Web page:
Help wanted! If you’re making trees please send them my way by January 20th, 2016. Thanks guys.
Here’s a little tutorial for the treeline border blocks my friends and I are making for the turtles quilt. This quilt has been a collaboration from the start so it makes sense for this last bit to be made by many artists as well. If you want to help out and make one, I’d love that! As you can see from the last photograph I’ll need a lot of them to make it all the way around.
You’ll need some medium/dark greens and light blues for this 8 x 11.5″ block. This can be as scrappy or not as you’d like it to be. Use one green and one blue or a bunch of ’em.
Four 4″ green squares
Four 4″ blue squares
One to four strips of blue 1.5″ wide which add up to 40″ in total length
Time to make some half-square triangles. Mark the diagonal line on each of the blue pieces. Sew them, right sides together, to the blue pieces on either side of the marked line. So, you’re going to get two half-square triangles out of each one. I like to chain-piece these, sewing 1/4 inch to the left of the marked line and then flip ’em to sew 1/4 inch to the right of it.
Cut right down that marked line. Press ’em to the dark side and now you have 8 half-square triangles. Sew them into sets. You’re making a larger triangle shape with each one now. Press.
Decide which piece will be the top of your pine tree. Set that one aside. Cut the other three by measuring 2.75″ from the bottom. Chop the tops off at that point and discard.
Stack the pieces together and sew ’em up. Hello little tree! Border on all sides with the blue strips you cut and then trim the whole block down to 8 x 11.5 inches. This block is my own design. No need to worry about super-precise piecing on this one.
Since the beginning, I’ve categorized my crumb quilts as crazy quilting. And looking at them, you can see why. Visually there’s a lot in common with crazy quilts…. at least initially.
I’ve changed my mind. It isn’t crazy quilting. Crazy quilts use many kinds of fabrics, showcase embellishments, and are usually foundation pieced. My crumb quilting has much more in common with improvisational piecing, which is a modern approach to creating shapes without using patterns or templates. Here, let me show you. This is an improvisational pieced block that I made for a recent group challenge.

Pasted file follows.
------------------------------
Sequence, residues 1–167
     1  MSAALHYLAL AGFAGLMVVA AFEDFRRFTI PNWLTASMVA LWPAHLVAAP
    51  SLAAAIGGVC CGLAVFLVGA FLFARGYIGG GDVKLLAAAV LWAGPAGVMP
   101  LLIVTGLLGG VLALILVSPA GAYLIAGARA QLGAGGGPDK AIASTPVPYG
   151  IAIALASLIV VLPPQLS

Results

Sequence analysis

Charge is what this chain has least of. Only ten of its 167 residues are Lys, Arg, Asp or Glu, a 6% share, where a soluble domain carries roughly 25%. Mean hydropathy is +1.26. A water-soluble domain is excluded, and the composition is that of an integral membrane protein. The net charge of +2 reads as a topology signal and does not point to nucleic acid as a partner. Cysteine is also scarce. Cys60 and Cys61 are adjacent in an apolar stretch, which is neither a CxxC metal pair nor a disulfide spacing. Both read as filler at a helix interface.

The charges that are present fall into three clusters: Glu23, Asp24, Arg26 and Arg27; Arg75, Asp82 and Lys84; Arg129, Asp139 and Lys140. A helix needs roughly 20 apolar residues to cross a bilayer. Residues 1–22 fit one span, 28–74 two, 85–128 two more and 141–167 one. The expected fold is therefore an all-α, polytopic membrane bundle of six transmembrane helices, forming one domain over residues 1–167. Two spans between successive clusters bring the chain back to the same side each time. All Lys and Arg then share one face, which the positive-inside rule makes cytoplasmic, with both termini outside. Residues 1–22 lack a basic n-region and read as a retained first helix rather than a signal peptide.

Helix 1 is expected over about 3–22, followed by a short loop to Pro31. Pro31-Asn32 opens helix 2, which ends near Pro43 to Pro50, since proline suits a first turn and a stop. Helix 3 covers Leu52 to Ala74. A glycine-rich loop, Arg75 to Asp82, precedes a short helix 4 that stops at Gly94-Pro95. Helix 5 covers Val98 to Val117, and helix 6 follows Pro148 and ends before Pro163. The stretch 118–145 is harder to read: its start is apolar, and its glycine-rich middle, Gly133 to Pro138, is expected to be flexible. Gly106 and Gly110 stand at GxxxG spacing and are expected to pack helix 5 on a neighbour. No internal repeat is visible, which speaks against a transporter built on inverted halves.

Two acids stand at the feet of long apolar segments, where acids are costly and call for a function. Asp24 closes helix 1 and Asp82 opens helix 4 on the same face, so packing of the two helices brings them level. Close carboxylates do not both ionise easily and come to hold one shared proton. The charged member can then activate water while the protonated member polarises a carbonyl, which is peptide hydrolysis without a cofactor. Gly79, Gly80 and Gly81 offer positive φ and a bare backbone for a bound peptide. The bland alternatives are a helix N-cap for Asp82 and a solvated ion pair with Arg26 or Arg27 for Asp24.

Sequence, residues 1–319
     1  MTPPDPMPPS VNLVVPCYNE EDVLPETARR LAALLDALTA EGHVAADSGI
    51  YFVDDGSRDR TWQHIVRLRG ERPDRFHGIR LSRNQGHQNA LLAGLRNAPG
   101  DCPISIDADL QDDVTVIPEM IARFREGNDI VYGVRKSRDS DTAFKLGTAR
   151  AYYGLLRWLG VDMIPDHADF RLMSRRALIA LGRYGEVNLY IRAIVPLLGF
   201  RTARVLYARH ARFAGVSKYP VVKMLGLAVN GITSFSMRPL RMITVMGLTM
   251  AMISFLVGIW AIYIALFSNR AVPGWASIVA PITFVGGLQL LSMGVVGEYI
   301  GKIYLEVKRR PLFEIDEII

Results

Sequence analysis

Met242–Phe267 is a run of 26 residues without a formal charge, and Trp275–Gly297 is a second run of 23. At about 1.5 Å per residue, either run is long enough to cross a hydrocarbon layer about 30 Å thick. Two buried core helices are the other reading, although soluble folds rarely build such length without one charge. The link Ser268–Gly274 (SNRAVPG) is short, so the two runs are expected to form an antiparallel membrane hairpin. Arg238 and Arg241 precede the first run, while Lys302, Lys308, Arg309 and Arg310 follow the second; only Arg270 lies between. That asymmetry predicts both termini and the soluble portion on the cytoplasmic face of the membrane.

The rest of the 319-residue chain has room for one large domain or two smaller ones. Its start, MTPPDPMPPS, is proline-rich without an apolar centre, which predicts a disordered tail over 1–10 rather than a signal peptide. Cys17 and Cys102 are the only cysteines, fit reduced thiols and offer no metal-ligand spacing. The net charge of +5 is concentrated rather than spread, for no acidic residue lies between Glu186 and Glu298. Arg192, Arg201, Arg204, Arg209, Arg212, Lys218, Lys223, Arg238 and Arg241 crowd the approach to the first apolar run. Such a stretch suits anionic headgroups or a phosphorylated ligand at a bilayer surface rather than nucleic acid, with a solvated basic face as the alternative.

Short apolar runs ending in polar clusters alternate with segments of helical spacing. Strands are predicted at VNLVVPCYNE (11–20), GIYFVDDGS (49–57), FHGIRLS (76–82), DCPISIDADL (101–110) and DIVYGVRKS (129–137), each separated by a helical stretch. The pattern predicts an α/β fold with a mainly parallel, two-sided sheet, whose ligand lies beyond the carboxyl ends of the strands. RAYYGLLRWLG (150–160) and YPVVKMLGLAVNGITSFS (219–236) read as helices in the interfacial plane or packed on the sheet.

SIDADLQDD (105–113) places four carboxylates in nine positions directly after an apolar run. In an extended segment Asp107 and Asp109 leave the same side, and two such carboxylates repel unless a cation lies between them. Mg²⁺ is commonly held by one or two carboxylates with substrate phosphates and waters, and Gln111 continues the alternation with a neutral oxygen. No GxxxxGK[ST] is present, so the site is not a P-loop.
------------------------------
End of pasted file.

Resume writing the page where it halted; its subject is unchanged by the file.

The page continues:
I just cut and sewed things together in straight lines, over and over, until I liked the shapes it made and the overall look. It’s regular machine piecing. That’s what I do with crumb blocks, just on a smaller scale. Here is the back of a crumb block in progress. See?
This little epiphany will help me explain my process more clearly to others. Though the finished project may look similar to a crazy quilt, that’s not how you get there. Improv. piecing is a completely different way to do things. No wonder I was getting so many confused looks! Here’s how to do it:
Sew a straight line to join two tiny pieces of fabric together. Press the seam to one side, doesn’t matter which one.
Repeat #1 until you have a small pile of two-fabrics together (2’s)
Sew two those new pieces you’ve made out of two fabrics together. Press. Now you have some 4’s.
Repeat #3 until you have a small pile of four-fabrics together (4’s)
Sew the 4’s together. Press. Repeat until you have a big enough piece for whatever you’re making. My large quilt has 3.5″ squares.
Square it up! It’s going to be a weird shape after all that work so take your ruler and rotary cutter and cut it to the size you want.
Use the cut-off leftovers to start the next block.